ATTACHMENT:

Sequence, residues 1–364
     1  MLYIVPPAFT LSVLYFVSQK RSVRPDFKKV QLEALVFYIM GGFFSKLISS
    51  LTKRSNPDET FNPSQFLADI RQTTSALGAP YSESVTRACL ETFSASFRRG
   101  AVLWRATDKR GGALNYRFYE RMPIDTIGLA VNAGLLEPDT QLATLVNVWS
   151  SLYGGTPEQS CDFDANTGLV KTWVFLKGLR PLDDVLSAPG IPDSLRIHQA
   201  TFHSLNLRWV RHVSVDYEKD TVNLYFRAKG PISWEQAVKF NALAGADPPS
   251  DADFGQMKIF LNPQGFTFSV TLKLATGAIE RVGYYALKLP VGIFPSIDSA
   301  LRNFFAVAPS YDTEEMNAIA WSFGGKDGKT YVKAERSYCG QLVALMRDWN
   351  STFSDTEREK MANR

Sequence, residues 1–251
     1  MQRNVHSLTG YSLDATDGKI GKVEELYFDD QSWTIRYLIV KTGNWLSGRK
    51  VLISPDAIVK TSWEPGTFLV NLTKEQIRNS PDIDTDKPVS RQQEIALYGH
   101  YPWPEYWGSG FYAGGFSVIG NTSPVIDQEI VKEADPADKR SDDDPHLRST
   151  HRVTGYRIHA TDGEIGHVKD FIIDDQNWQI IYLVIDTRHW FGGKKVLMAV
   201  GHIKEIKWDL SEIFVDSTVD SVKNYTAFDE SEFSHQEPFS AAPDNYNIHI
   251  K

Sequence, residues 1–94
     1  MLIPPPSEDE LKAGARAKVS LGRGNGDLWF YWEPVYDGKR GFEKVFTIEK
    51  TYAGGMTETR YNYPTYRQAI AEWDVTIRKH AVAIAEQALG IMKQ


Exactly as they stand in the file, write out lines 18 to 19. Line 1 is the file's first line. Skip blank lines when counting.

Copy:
     1  MLIPPPSEDE LKAGARAKVS LGRGNGDLWF YWEPVYDGKR GFEKVFTIEK
    51  TYAGGMTETR YNYPTYRQAI AEWDVTIRKH AVAIAEQALG IMKQ